Thursday Hearing on Hawaii Bill to Remove Chronic Pain as Qualifying Condition for Medical Cannabis

The first medical Cannabis (marijuana) related bill of the new Hawaii legislative term has been scheduled, and, unfortunately, it is HB1963, which removes chronic pain as a stand-alone medical condition.

The hearing has been scheduled for Thursday February 2, 2012 at 11:15am, in front of the House Committees on Health and Public Safety/Military Affairs.

Public testimony must be submitted by 11:15am on Wednesday, February 1st.

Hawaii state citizens who wish to submit testimony can do so at this link.

Enter in the bill number: HB1963 (no spaces) and hit “submit”, and the form will be filled in. You can either upload a document, or type your text into the “additional comments” section. Make sure to agree to the terms and conditions, and then hit the button to “submit testimony.”

Personal stories of why cannabis works for you are important, but here are a few thoughts:

  • What is the number one prescription drug in America? Vicoden (Hydrocodone combined with acetaminophen), which is used to treat…pain.
  • Vioxx was an FDA-approved medication, used to treat pain and arthritis, until it was removed from the US market because of the increased risk of stroke and heart attack resulting in more 55,000 deaths.
  • Acetaminophen (Tylenol) is in so many products that people were unknowingly taking too much, leading to liver damage. The dose amounts have been lowered, and warning labels changed.
  • There are more than 20,000 deaths per year from opiate and NSAID’s (nonsteroidal anti-inflammatory drugs) vs. zero for Cannabis
  • Both Institute of Medicine and the Veteran’s Administration acknowledge that about 1 in 3 Americans suffer from chronic pain.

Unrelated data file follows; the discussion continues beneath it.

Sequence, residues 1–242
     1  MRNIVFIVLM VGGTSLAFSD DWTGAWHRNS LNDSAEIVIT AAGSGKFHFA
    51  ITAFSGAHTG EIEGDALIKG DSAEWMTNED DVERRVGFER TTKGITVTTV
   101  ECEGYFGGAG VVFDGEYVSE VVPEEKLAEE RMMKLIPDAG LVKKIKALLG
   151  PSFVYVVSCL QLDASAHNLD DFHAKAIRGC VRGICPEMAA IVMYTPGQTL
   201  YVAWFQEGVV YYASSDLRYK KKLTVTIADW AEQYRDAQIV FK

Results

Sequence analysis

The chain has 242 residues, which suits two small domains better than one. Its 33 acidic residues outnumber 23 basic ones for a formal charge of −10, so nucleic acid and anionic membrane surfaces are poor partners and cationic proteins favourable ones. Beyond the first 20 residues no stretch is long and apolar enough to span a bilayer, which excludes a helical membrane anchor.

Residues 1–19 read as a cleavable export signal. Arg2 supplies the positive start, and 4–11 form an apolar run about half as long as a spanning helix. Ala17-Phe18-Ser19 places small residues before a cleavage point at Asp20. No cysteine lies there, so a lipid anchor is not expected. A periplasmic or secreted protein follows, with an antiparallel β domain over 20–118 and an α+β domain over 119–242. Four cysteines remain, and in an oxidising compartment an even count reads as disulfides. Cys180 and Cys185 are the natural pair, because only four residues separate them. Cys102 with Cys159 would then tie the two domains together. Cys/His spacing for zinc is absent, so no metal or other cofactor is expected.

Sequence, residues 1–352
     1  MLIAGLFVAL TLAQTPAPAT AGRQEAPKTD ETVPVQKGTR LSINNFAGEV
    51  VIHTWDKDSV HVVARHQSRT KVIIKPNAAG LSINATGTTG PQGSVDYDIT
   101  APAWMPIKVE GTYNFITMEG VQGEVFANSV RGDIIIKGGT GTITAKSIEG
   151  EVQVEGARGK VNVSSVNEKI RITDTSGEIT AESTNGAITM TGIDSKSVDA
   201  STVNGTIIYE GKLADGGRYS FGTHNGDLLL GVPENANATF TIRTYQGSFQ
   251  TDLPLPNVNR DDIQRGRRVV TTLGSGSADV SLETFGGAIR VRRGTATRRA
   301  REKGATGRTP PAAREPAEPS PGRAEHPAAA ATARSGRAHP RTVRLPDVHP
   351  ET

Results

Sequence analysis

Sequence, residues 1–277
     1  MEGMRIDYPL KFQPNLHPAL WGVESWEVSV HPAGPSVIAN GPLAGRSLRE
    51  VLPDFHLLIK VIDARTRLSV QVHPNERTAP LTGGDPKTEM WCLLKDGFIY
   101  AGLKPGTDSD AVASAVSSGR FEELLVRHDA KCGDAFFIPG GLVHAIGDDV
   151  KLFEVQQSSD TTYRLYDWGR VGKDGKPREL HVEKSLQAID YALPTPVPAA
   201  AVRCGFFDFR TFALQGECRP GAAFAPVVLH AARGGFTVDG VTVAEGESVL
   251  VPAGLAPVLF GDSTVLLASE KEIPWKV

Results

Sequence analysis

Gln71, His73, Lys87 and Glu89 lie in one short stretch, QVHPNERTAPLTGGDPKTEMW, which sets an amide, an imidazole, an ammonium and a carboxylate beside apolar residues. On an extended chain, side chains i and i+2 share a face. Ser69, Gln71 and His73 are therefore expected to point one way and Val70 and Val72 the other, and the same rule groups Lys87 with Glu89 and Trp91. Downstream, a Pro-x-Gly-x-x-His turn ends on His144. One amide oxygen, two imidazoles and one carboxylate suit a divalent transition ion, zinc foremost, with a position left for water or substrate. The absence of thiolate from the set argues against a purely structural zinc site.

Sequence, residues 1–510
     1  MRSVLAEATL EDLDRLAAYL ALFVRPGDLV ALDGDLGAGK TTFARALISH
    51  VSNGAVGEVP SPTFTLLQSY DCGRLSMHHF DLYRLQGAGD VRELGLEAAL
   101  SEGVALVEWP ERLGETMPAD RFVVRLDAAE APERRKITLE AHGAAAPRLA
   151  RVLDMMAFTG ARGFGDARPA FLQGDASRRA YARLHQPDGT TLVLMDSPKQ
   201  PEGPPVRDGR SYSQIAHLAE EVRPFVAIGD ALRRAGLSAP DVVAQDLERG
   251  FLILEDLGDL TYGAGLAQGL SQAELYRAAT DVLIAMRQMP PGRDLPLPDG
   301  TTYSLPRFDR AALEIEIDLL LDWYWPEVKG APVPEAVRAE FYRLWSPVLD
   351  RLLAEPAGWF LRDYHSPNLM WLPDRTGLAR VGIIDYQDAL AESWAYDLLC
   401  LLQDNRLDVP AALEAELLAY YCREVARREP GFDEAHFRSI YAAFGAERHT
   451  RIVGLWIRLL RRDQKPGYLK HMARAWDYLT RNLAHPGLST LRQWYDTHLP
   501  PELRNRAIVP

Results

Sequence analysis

The citizens of the state of Hawaii and their doctors should be allowed to choose the appropriate medicine for their unique conditions. It should not be a law enforcement decision to limit medical choices.

The citizens of Hawaii must submit testimony quickly to defeat this bill! _________________________________________________

HB1963 – description ( view the full bill here.)

RELATING TO MEDICAL USE OF MARIJUANA.
Updates the law relating to the medical use of marijuana by:
(1) requiring physicians who recommend medical marijuana to register a place of business or professional practice with the department of public safety
(2) clarifying definitions with respect to medical use of marijuana
(3) establishing a revocation period for those violating the medical marijuana program condition
(4) limiting the amount of marijuana that can be grown or possessed at a location
(5) requiring patients and caregivers to have their registration identification certificates with them when they are in possession or control of marijuana
(6) increasing the penalties for fraudulent misrepresentations about the medical use of marijuana.

A bit more specific:
(2) “Debilitating medical condition” means: cancer, glaucoma, HIV/AIDS, or a condition that produces one of the following: Cachexia/wasting syndrome; severe pain, severe nausea, seizures, seizures characteristic of epilepsy, severe and persistent muscle spasms, including those characteristic of multiple sclerosis or Crohn’s disease, or…any other medical condition approved by the department of health (in response to a physician or potentially qualifying patient) that has been authorized by the legislature. There area a lot of other serious diseases,you can read more at https://reportshealthcare.com/ A person cannot be a caregiver if they have a felony conviction.
(3) If a person is found to violate the conditions of use (HRS 329-122) they may be suspended from the medical cannabis program for up to three years.
(4) Limits the number of blue cards at any single location to three, thereby allowing for a maximum of 21 plants and nine ounces of usable marijuana. It does remove the distinction between mature and immature plants.
(5) Fraudulent misrepresentation in the application form or in statements made to law enforcement of any fact or circumstance relating to the medical use of marijuana to avoid arrest or prosecution will become a class C felony (currently it is a petty misdemeanor), and therefore has harsher penalties.